USAJobs.gov, the official job site of the federal government, was hacked, along with career site Monster.com in January. "It appears that Monster.com's database and USAJobs.gov's database were compromised and contact and account information was stolen," said Sophos, a security software firm. "Data stolen included users' login names, passwords, email addresses, names, phone numbers and some demographic data." The sites' millions of users were advised to immediately change their passwords.
In March, 2008, Harvard University said a computer hacker gained entry to its server and that about 10,000 of the previous year's graduate students and applicants may have had their personal information compromised, with 6,600 having their Social Security numbers exposed. The school said it would provide the applicants with free identity theft recovery services and help them with credit monitoring and fraud alerts.
As many as 1,500 Defense Department computers were taken offline in June 2007, because of a cyber attack, Pentagon officials said. Defense Secretary Robert Gates said the Pentagon sees hundreds of attacks a day, and this one had no adverse impact on department operations. He said the Pentagon shut the computers down when a penetration of the system was detected.
At the University of Missouri, a computer hacker accessed the Social Security numbers of more than 22,000 current or former students in May 2007, the second such attack that year, officials said. The hacker obtained the information through a Web page used to make queries about the status of trouble reports to the university's computer help desk, which is based in Columbia. The information had been compiled for a report, but the data had not been removed from the computer system.
The U.S. Department of Agriculture's computer system was breached in June 2006, when a hacker broke in over a weekend and may have obtained names, Social Security numbers and photos of 26,000 Washington-area employees and contractors, the department said. The information was used for staff or contractor badges in Washington, D.C. and the surrounding area, spokeswoman Terri Teuber said. Those who might have been affected were notified by e-mail and were being sent letters.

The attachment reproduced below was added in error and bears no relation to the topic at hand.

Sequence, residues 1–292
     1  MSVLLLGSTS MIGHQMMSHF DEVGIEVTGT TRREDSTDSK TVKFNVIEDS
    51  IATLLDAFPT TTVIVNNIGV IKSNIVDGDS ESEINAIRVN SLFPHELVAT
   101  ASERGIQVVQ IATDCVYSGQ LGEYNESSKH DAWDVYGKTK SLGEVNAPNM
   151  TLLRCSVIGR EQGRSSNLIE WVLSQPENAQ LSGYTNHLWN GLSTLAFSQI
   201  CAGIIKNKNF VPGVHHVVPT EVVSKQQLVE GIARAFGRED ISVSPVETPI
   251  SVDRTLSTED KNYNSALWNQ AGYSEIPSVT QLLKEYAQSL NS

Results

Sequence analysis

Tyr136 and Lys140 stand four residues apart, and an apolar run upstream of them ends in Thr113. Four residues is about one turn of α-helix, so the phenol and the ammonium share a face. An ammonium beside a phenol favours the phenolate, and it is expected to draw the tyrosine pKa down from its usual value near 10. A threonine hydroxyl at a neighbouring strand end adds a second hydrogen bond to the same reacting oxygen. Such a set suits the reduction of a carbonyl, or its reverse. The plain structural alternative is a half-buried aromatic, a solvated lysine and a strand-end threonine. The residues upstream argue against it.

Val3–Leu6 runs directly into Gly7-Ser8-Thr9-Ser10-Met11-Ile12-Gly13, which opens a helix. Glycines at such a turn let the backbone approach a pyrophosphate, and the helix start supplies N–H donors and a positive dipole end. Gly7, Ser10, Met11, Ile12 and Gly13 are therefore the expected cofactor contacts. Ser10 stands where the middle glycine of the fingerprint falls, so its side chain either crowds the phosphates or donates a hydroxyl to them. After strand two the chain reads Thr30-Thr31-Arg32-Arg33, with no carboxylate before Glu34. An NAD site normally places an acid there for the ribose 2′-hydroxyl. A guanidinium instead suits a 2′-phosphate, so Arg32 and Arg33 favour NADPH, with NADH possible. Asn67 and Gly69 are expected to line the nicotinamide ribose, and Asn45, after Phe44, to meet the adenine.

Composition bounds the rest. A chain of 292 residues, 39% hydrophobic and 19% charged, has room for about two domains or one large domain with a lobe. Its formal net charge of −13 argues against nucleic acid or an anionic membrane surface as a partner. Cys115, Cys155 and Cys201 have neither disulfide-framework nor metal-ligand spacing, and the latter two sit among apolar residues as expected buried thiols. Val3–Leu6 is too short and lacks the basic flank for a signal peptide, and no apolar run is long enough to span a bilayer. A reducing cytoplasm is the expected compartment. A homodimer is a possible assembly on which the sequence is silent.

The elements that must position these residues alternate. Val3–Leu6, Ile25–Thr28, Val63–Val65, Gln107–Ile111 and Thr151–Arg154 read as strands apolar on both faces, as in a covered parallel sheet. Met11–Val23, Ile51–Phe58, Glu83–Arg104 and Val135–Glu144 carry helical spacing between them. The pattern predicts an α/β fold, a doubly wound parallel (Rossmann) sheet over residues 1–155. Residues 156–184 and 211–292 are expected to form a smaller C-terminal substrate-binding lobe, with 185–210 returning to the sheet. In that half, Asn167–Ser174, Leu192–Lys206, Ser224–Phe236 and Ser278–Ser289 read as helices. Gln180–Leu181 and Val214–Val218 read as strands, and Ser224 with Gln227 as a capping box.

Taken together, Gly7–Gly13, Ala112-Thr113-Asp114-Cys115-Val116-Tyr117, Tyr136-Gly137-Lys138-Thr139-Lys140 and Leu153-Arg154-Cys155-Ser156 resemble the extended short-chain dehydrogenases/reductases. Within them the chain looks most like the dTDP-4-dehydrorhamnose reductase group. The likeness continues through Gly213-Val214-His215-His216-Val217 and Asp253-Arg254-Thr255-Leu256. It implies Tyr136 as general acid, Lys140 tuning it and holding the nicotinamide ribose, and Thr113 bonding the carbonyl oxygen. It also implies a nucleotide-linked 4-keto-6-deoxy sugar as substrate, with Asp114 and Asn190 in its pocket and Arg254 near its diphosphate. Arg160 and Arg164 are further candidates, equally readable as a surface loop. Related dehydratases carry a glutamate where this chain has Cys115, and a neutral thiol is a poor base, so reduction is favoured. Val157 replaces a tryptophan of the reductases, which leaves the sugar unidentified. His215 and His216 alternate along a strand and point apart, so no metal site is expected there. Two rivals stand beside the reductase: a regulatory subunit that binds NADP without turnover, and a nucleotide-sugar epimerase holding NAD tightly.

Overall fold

The Veteran's Administration lost track of a laptop in May 2006 that held personal data about 26.5 million American veterans. The story of the missing files hit just as U.S. news was peppered with other tales of missing or stolen computers that year containing 100 million pieces of data, including Social Security and credit card numbers. The VA said the laptop, recovered a month later, had been taken home by a subcontractor, and that no data was taken from the computer. Earlier this year, the VA agreed to pay up to $20 million in class-action lawsuit to veterans whose data was on the laptop.
In 2004, an FBI computer consultant gained access to the secret passwords of Director Robert Mueller and others using free software found on the Internet. The consultant, Joseph Thomas Colon, was sentenced in 2006 to six months of home detention after a federal judge said Colon was not trying to harm national security or use the information for financial gain. In his guilty plea, Colon acknowledged that he made his way into the deepest reaches of the FBI's internal computer network on four occasions in 2004.
A Southern California man admitted hacking into computers operated by NASA, Oregon State University and a San Francisco Bay area Internet service provider, and in September 2000, was sentenced to 21 months in federal prison. One hacking case involved the use of stolen credit card numbers in an attempt to wire transfer money through the Western Union Corporation. In the NASA incident, the hacker got into the agency's computers and used stolen credit card numbers to purchase electronic equipment.